Midweek Devotional: 22 July 2020
Thoughts on the Bible text
“For you see your calling, brethren, that not many wise according to the flesh, not many mighty, not many noble, are called. But God has chosen the foolish things of the world…”
1 Corinthians 1: 26–27a
The Bible text for today’s devotional can be found in the opening chapter of the first letter to the Corinthians. The proclamation of the gospel was rejected by Greeks who were educated in philosophy, in the same way as it was rejected by the devout Jews. The Greeks had the view that the thought process was too simple and did not reach the level of their philosophical concepts. Thedevout Jews thought that the belief in Christ was not particularly insightful. They wanted objective proof of its truth. Paul responded to this: “For the message of the cross is foolishness to those who are perishing, but to us who are being saved it is the power of God” (1 Corinthians 1: 18).
To see our calling
Those who belonged to the Christian congregation were simple people and most were poor and uneducated. Many may have been ashamed to be Christians. They would have felt the contempt in which they were held. Paul therefore calls upon them to have confidence: “For you see your calling, brethren.”
To be called to live in fellowship and belong to God should in fact create a sense of security and certainty. So, what was the reason for the calling of Christians both then and now?
To witness the death and resurrection of Jesus Christ is for sure the first reason. Jesus is not just another person or a special personality who was killed for His ideals. He is the One upon whom our salvation depends. He is both man and God. We are also called to proclaim the love of God. God wants to save the sinner from sin and turns to those who are in sin. Humankind should not be fearful of God but turn to Him as if to a loving father or mother. If we approach our neighbour with love, then the love of God can be revealed to him through us.
Our calling also concerns the future. We are called as firstlings, to reign with Jesus in the kingdom of peace and to bring the gospel to both the living and the dead. With our calling, Jesus Christ grants us a perspective beyond suffering and death, beyond earthly existence, and which gives us certainty of eternal life in the new creation.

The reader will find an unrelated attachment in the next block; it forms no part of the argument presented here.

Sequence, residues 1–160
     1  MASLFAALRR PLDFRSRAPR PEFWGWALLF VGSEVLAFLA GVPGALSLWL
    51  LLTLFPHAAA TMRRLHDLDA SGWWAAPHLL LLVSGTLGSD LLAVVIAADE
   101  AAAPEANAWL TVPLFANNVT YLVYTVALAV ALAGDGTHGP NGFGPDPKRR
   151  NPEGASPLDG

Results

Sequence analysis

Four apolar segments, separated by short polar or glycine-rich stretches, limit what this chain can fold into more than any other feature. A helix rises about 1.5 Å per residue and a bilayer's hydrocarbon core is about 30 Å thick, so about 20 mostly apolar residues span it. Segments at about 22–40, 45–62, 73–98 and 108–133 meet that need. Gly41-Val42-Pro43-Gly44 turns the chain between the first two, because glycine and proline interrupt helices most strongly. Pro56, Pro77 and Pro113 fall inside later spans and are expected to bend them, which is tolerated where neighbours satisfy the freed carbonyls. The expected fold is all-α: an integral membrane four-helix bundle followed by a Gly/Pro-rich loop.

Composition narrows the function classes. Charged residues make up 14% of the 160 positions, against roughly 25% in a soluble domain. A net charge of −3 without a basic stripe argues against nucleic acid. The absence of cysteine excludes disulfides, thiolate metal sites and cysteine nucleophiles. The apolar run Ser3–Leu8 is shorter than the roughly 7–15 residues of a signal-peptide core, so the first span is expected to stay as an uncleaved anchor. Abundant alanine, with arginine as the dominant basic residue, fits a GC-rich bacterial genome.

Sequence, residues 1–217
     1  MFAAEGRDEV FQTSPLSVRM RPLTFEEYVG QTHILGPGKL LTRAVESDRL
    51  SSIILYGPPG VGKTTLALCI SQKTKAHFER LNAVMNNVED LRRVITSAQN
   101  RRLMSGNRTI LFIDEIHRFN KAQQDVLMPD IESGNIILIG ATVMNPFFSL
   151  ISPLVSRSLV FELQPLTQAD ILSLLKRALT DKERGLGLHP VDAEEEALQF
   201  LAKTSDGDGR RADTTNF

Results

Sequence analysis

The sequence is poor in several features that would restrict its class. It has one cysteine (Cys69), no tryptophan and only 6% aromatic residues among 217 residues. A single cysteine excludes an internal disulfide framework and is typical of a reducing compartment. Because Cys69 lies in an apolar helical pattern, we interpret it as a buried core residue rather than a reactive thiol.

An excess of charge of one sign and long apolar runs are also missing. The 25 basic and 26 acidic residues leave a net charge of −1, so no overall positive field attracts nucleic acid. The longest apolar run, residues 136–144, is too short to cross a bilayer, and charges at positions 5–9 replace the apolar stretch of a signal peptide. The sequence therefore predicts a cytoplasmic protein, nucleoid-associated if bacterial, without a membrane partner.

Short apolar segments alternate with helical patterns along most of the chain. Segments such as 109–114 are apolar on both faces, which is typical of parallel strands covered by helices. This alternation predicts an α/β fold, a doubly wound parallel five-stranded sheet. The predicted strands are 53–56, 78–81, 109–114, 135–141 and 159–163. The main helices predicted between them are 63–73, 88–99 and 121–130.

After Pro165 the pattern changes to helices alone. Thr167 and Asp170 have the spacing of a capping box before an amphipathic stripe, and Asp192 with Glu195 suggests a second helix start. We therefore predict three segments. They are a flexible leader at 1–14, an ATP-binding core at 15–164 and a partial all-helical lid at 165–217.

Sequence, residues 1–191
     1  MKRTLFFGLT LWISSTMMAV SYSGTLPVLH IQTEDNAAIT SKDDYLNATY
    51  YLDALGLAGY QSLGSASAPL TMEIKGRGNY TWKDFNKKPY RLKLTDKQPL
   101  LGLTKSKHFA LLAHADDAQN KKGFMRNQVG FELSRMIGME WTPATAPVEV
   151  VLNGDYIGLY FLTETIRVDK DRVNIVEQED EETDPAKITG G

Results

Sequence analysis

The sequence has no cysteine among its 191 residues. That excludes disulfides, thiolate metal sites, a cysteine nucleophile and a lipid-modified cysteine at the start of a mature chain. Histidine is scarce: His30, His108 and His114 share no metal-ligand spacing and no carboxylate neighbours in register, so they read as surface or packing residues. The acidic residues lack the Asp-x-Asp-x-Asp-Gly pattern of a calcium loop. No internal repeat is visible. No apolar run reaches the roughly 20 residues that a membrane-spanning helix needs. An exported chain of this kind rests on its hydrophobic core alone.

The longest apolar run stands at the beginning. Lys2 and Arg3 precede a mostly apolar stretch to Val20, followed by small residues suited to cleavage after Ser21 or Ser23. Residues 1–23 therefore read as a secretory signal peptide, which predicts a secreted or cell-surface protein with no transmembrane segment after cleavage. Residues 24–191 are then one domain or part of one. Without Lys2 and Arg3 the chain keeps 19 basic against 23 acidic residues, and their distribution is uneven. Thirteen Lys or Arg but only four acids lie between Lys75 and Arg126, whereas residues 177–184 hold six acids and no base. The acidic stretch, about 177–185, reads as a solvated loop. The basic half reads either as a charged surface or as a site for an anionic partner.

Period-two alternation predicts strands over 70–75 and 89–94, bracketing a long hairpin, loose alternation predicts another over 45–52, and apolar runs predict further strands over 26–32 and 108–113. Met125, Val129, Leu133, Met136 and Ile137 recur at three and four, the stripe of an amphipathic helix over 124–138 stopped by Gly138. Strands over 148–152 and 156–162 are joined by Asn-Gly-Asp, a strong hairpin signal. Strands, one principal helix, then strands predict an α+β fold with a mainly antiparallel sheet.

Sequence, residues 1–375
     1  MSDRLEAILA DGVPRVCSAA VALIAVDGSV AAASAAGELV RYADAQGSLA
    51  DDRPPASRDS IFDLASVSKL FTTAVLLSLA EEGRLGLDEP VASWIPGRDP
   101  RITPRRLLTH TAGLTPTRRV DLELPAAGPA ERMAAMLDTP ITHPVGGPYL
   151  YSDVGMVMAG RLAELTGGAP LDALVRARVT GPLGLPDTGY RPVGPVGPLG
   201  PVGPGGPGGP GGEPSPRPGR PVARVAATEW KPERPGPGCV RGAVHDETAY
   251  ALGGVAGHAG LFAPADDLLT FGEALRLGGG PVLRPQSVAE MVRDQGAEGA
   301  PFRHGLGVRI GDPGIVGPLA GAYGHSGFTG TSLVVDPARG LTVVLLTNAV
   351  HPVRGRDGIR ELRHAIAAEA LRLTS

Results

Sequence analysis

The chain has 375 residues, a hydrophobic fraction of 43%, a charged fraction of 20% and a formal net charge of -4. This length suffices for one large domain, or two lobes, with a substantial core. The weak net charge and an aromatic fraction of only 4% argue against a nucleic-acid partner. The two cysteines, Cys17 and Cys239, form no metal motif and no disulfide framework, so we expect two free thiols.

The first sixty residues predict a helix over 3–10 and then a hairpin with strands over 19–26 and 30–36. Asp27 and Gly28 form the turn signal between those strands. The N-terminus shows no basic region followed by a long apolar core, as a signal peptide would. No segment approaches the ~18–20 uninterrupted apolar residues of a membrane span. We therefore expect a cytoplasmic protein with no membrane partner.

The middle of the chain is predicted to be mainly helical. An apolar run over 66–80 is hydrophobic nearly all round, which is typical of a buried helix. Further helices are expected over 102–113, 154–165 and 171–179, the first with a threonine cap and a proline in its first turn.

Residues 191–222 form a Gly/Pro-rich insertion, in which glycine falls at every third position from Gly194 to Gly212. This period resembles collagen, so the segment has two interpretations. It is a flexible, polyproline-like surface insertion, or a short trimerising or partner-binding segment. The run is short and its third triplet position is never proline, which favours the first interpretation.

People with failings are called
In the second part of our Bible text Paul says: “…that not many wise according to the flesh, not many mighty, not many noble, are called. But God has chosen the foolish things of the world…” God elects people of whom one could ask what is special about them. The word makes it clear that God does not require anyone special but that He turns to very normal people with all their differences. One does not need to be educated, influential, or socially superior to be called by God and that was already the case in
the old covenant. Israel was not chosen as a nation because it was a powerful or great people: “The Lord did not set His love on you nor choose you because you were more in number than any other people, for you were the least of all peoples; but because the Lord loves you” (Deuteronomy 7: 7–8a)
It is love which is the important element in God’s actions. For this reason, the failings of a nation or an individual cannot hinder them from being called. It is, however, important to ask oneself how one would like to respond to the calling of God.
For example, to lead a life of faith, love, and obedience would be an expression of a deep understanding of God’s love. Let us never forget that God raises up and saves the sinner whom He has called.
WG DSG 07/2020